Transport modeling entails many parameters, known or approximated. In order to model the paths and rates of transport of radionuclides in groundwater, there must be defined all necessary groundwater fluxes, boundary conditions, material properties and chemical processes. In this instance, a boundary following divides encompasses about 2300 square miles to form the lateral limits, while the top and bottom of the Culebra dolomite, 23 ft. thick, form the vertical limits. Fixed hydraulic heads are assigned at the lateral boundaries, commensurate with measured or deduced heads, and the model limits are defined as either no-flow (impermeable) or discharging (permeable) boundaries. If arranged conservatively, those boundaries are so distant from the LWA that errors in selecting heads and flow properties there should have little effect at the LWA perimeter, the compliance boundary. Heads within the model, determining gradients everywhere, have been adjusted according to measured heads at wells penetrating the Culebra dolomite. If the PA model was grossly correct, that only regional flow based on current heads in the Culebra mattered, the effort might justify minimal transport via the groundwater pathways. DOE relies upon low matrix-dominated permeability of the Culebra (modeled as a single fracture) in its claim that the Rustler is thus a barrier to significant flows to the accessible environment.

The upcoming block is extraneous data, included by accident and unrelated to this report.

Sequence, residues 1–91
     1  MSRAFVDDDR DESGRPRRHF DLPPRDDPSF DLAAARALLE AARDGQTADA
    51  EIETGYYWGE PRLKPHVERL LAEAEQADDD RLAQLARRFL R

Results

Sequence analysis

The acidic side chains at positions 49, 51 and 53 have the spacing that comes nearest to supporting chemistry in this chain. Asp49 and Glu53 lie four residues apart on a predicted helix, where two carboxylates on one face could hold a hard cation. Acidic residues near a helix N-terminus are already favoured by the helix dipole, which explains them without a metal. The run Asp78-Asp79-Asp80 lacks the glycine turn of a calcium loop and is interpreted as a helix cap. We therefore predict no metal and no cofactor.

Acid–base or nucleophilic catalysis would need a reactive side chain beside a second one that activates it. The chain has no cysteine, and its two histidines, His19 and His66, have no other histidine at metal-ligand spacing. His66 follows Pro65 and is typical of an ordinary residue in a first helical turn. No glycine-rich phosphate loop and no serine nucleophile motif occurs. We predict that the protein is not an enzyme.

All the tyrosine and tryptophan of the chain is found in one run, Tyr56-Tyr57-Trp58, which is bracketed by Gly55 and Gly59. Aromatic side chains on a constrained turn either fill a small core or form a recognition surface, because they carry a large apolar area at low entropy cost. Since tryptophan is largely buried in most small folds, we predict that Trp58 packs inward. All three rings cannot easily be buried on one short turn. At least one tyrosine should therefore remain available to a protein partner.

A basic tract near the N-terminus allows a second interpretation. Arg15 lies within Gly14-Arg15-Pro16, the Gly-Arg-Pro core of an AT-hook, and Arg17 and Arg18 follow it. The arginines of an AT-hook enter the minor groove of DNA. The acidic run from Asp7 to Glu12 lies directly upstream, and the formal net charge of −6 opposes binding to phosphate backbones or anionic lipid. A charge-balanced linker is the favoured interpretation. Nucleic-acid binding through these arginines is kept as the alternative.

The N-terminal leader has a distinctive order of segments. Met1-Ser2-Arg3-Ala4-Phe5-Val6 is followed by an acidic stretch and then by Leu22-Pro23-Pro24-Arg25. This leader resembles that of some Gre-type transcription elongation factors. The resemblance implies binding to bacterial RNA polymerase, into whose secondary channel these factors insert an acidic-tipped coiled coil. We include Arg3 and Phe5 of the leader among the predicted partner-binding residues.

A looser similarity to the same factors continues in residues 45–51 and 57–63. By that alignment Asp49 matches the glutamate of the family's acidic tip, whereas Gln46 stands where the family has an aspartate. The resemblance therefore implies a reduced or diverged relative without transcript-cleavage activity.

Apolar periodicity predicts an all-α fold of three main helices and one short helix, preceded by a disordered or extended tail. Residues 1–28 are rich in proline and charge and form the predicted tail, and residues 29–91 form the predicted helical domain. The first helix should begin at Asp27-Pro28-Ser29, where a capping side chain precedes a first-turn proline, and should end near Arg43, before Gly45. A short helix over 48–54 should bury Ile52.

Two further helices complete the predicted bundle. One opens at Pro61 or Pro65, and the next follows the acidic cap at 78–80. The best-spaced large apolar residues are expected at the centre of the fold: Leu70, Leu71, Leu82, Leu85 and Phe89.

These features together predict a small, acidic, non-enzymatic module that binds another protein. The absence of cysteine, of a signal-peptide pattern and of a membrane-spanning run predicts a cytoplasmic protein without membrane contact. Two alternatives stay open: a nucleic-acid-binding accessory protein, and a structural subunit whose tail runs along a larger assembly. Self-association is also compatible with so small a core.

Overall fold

The facts reveal the Rustler to be a much more complex aquifer, in terms of properties and boundaries. As Figure 5 shows, the topography slopes gently from a divide 7 miles NE of WIPP westerly towards Nash Draw, which wraps around the NW, W and SW sides of the LWA. Nash Draw is 20 miles long, bounded on the east by a ragged scarp called Livingston Ridge. Dissolution of the Salado salt at the base of the Rustler has produced a brine aquifer beneath Nash Draw in the thick zone of insoluble rubble formed by subsidence and brecciation of the overlying units (Kelly, 2000). But the Rustler mainly discharges at higher levels and to the surface in the vicinity of the salt pan, Laguna Grande, where it evaporates, at least in today's climatic setting (Phillips, 1987). The lake bottom is a deposit of at least 55 ft. of fine gypsum, attesting to a long-term anhydrite source, distinct from the sodium chloride of Salado origin discharging to the Pecos River via the brine aquifer (Phillips, 1987). Phillips documented the ephemeral nature of discharge from a lake north of Laguna Grande called Laguna Pequena (W/NW Sec. 3, T23S, R29E), recording a flow of over 100,000 gallons per minute into Laguna Grande on September 5, 1984 aft.er a record rainfall event stimulated spring flow. There was no surface inflow to Laguna Pequena, and the outflow diminished rapidly aft.er the measurement (Phillips, 2001). Phillips (1987, pp. 244-248) makes a convincing geochemical argument for a Rustler source of most water discharging to Laguna Pequena and Laguna Grande, which must be the long-term destination for any WIPP-site groundwaters.